Though it is his own life that he is recalling, the Tony who narrates this part of the novel is a passive and frequently impassive observer of events. He’s a bit of an odd duck.
Why on earth would Sarah Ford leave such a strange sum (neither large enough to be of real use nor small enough to be symbolic or ironic), and how did she come to have Adrian’s diary?
Suddenly, Tony’s narrative of remembering, which has been largely unfocused and self-indulgently subjective and navel-gazing becomes more engaged as he reconnects with the present by foraging through the past for clues and hopefully, answers.
The money means nothing to him but when he learns that the diary is in Veronica’s possession, and that she refuses to give it up, he is forced to set the course of his life in reverse, going back in time in search of the clues and the memories that will provide him the answers he suddenly wants.
Without spoiling the story for you, I can say that Tony receives a single page from the diary, and later, a letter from Veronica, though she is not its author. This letter sets off a chain of events and of remembering which will change nothing and no one except…Tony himself. The rest of its damage has already been done. I can say that the letter causes Tony (and the reader), to doubt what he knew or thought he knew and remembered about his past. That it leaves Tony feeling exposed.
As he says:
“You get towards the end of life – no, not life itself, but of something else: the end of any likelihood of change in that life. You are allowed a long moment of pause, time enough to ask the question: what else have I done wrong?”
It occurred to me many times while reading the book that if any of us were to be judged on the basis of our worst days or our worst moments, then many of us would be guilty of far worse transgressions than the action that fills Tony with remorse.
This is especially true of late adolescence and early adulthood, as Tony himself acknowledges:
“The next day, when I was sober, I thought again about the three of us, and about time’s many paradoxes. For instance: that when we are young and sensitive, we are also at our most hurtful; whereas when the blood begins to slow, when we feel less sharply, when we are more armoured and have learnt how to bear hurt, we tread more carefully.”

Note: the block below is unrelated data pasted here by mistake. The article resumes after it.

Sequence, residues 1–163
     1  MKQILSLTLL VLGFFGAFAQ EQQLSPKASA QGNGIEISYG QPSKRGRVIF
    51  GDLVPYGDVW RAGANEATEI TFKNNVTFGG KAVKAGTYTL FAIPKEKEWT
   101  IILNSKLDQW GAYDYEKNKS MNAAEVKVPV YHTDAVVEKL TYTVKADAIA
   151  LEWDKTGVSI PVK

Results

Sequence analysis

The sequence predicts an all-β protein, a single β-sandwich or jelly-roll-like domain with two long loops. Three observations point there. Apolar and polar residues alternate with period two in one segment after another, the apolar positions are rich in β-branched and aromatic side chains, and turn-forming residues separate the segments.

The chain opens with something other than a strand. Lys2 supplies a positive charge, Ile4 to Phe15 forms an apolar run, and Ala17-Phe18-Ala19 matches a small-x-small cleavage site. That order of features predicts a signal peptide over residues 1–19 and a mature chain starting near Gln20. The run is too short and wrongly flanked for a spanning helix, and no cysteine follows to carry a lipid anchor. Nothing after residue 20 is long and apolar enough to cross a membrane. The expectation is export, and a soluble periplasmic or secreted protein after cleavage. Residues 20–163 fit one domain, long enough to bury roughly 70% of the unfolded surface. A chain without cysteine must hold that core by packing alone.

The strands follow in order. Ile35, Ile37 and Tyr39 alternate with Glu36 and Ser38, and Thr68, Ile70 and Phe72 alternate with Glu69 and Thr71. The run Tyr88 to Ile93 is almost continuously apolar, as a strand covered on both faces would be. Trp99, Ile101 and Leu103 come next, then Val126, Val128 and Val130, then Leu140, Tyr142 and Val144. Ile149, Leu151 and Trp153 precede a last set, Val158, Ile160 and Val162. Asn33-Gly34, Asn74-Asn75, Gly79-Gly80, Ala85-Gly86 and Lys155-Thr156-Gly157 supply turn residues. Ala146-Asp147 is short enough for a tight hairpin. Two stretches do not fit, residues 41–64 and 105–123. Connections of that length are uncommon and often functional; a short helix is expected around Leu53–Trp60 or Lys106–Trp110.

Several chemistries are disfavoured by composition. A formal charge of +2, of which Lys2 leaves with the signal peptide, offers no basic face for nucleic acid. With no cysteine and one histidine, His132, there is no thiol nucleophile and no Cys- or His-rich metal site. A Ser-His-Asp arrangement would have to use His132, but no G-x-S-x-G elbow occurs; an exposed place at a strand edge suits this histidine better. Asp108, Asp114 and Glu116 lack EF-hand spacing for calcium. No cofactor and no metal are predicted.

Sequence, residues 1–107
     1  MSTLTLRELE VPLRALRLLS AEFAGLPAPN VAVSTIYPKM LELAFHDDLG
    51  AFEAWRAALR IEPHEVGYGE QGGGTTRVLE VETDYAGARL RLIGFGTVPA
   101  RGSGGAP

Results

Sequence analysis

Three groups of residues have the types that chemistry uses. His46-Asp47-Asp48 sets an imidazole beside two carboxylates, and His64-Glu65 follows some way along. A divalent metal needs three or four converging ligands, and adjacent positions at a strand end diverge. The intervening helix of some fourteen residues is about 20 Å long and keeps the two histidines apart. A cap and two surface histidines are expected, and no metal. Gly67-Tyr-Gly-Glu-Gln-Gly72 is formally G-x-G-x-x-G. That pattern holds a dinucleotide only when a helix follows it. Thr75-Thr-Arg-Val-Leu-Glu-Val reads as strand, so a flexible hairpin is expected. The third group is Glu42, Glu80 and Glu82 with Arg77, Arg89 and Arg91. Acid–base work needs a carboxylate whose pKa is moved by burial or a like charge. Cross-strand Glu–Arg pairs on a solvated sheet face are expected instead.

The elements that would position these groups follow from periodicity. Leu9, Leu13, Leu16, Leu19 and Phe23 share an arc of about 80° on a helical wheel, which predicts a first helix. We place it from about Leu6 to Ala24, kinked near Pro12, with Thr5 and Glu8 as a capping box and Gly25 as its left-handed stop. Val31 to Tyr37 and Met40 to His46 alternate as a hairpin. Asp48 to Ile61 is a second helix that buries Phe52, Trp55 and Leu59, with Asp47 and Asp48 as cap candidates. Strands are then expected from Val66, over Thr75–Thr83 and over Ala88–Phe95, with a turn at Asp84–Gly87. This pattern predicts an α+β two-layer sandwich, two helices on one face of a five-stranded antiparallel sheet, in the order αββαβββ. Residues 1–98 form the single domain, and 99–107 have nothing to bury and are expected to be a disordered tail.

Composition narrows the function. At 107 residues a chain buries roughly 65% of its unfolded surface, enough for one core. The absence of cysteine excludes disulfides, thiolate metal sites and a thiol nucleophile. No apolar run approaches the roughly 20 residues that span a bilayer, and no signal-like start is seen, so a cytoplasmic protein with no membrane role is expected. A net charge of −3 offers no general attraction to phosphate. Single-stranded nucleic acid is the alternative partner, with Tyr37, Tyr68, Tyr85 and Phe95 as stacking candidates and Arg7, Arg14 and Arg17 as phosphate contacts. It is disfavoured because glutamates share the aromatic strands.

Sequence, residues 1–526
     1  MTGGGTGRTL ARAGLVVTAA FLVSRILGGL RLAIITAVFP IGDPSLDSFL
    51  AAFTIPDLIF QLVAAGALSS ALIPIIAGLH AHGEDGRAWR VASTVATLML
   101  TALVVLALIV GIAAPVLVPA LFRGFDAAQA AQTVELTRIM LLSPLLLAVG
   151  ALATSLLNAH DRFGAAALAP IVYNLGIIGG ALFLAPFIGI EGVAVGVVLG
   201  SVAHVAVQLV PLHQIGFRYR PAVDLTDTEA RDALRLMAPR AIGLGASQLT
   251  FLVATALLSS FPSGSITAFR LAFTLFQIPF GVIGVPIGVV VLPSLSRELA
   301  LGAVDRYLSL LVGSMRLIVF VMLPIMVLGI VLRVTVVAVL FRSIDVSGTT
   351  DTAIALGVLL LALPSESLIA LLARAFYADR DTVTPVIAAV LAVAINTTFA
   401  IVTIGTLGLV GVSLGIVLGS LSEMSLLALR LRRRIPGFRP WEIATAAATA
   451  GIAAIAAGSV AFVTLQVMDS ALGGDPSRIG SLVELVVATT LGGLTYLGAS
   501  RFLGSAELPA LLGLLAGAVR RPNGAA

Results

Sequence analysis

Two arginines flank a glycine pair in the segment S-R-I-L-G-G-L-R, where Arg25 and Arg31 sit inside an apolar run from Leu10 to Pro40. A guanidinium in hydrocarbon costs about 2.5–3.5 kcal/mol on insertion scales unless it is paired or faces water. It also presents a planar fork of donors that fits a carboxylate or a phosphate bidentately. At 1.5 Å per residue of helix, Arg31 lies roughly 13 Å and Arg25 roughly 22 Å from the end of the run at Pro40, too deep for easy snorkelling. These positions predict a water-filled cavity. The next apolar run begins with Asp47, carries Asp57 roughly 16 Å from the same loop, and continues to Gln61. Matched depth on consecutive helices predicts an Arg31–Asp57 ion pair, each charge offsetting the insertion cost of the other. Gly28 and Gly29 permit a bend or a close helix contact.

The Sense of an Ending is told by a narrator who is unreliable because he is human. What is surprising, then, is not that he has forgotten or omitted moments and life events from his memory, but that one of these omissions carries a heavy emotional charge. Remorse, however, is an enduring emotional creature. Its etymology means to bite a second time and thus to feel the bite a second time. Tony’s fate is to experience what in Judeo-Christian terminology could be called a personal, purgatorial passage: the weight of accumulation and responsibility.
On the matter of memory and emotion, Tony’s own words contradict the facts of the story he’s telling:
“But I’ve been turning over in my mind the question of nostalgia, and whether I suffer from it. I certainly don’t get soggy at the memory of some childhood knickknack; nor do I want to deceive myself sentimentally about something that wasn’t even true at the time—love of the old school, and so on. But if nostalgia means the powerful recollection of strong emotions—and a regret that such feelings are no longer present in our lives—then I plead guilty.”
In a novel in which there are no endearing characters, and in which the narrator allows us at best a selective and oblique view of reality, it’s astonishing that we are so easily able to recognize ourselves, and that this gives us pause.
“For most of us, the first experience of love, even if it doesn’t work out―perhaps especially when it doesn’t work out―promises that here is the thing that validates, that vindicates life.”
Tony, from The Sense of an Ending